Stop going by the book

Doughnut Economics: Seven Ways to Think Like a 21st Century Economist
Kate Raworth
Penguin Random House

Doughnut Economics: Seven Ways to Think Like a 21st Century Economist Kate Raworth Penguin Random House ₹699  

Two strong arguments on the dangers of economics becoming a mass of mathematics disconnected from the real world

In 1937, Leland Bach (later founder-dean of the Carnegie Mellon business school) watched unemployed men lining up at the labour exchange, while his economics professor said lasting recessions were impossible in competitive capitalism. That episode, cited by Rakesh Khurana in From Higher Aims to Hired Hands (Princeton University Press, 2007), would strike a chord with those economics students who, since 2008, have watched the global economy imploding while the equations say all is for the best in the best of all possible worlds.

Many students have asked why economics is a mass of mathematics disconnected from a world where terrified governments pour trillions of public dollars into measureless caverns of private banks’ debt, where no standard tenet of macroeconomics works, and where inequalities and mass poverty have reached levels unknown since the Great Depression. The students want a wider range of perspectives within economics, so that they can analyse the economies we live in. Even Nobel winners Paul Krugman and Paul Romer have separately criticised neoclassical macroeconomics for putting mathematical tidiness ahead of explanatory power.

Too orthodox?

One call for changes in economics teaching is The Econocracy (Penguin Random House, 2017), by Joe Earle, Cahal Moran, and Zach Ward-Perkins. This direct, rigorous, and even entertaining book contains some of the authors’ original research, and shows that neoclassical economics has eliminated almost all other approaches.

This orthodoxy means a fetishistic reverence for standard textbooks, the near-disappearance of evaluative judgement from exam papers, and a divorce from the study of real economies. Others have noted that too; Narendar Pani, in Redefining Conservatism (SAGE, 1993), says that in India, a rise in the official lending rate does not reduce inflation but makes for increased non-formal borrowing. Earle and his colleagues reveal contradictions even in the mainstream. For example, Nicholas Stern and Richard Tol have reached diametrically opposed conclusions about the seriousness and the effects of climate change.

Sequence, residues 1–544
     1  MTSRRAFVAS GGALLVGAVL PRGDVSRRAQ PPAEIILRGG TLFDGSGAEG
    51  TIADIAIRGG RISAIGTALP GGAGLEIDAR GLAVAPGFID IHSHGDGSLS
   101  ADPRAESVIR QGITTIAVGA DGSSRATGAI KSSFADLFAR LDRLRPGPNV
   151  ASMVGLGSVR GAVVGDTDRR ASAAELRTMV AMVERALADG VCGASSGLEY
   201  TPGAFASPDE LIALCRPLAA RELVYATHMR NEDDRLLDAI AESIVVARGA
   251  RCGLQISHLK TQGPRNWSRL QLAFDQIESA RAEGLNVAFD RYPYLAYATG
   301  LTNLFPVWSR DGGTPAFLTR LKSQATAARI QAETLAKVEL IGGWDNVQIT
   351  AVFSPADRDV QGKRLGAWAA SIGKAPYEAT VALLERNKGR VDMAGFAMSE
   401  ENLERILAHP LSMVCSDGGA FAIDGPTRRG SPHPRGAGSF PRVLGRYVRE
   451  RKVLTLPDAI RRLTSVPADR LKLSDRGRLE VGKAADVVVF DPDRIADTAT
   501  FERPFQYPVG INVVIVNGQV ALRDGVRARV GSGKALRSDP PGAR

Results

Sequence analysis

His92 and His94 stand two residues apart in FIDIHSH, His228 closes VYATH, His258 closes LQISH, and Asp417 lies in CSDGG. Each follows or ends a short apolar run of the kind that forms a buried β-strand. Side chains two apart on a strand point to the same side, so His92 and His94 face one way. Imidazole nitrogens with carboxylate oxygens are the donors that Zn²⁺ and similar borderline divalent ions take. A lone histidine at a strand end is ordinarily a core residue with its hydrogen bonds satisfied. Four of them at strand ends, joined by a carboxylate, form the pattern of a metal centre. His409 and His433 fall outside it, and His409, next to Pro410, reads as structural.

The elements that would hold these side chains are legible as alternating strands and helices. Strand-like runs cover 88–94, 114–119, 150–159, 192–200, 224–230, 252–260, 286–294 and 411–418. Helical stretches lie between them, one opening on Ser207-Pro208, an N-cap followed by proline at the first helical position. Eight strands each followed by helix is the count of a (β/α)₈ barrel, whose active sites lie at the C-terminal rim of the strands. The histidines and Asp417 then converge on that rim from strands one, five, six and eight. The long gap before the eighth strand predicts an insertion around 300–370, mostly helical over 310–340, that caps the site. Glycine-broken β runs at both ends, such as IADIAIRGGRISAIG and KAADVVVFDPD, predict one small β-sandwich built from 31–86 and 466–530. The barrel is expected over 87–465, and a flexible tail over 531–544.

In addition, one neoclassical concept — the Non-Accelerating Inflation Rate of Unemployment (NAIRU) — is almost identical to Karl Marx’s concept of the reserve army of the unemployed, but NAIRU’s proponents must fall silent there, or betray their own purported neutrality. Presumably, they must also avoid feminist economics; time-use surveys show vast areas of activity which macroeconomics cannot see, because for it economic activity is solely the market exchange of commodities. Earle and his co-authors, however, show that the dichotomy between the free market and the state is false (for example, the state creates and enforces contract law), and note some of the Austrian School arguments that economics can be done without mathematics.

Yet neoclassical economics is an epistemological monopoly. The Econocracy shows how it has become one, and proposes a far wider range of perspectives in economics teaching. The authors list 10 such, from ‘old’ neoclassicism through post-Keynesianism and Marxism to feminist and ecological economics; they want that range taught so that economists develop a capacity for informed judgement rather than a dependence on mathematical formulae. Their evidence is very impressive, and they provide an excoriating account of what neoclassical financial policies have done to British universities.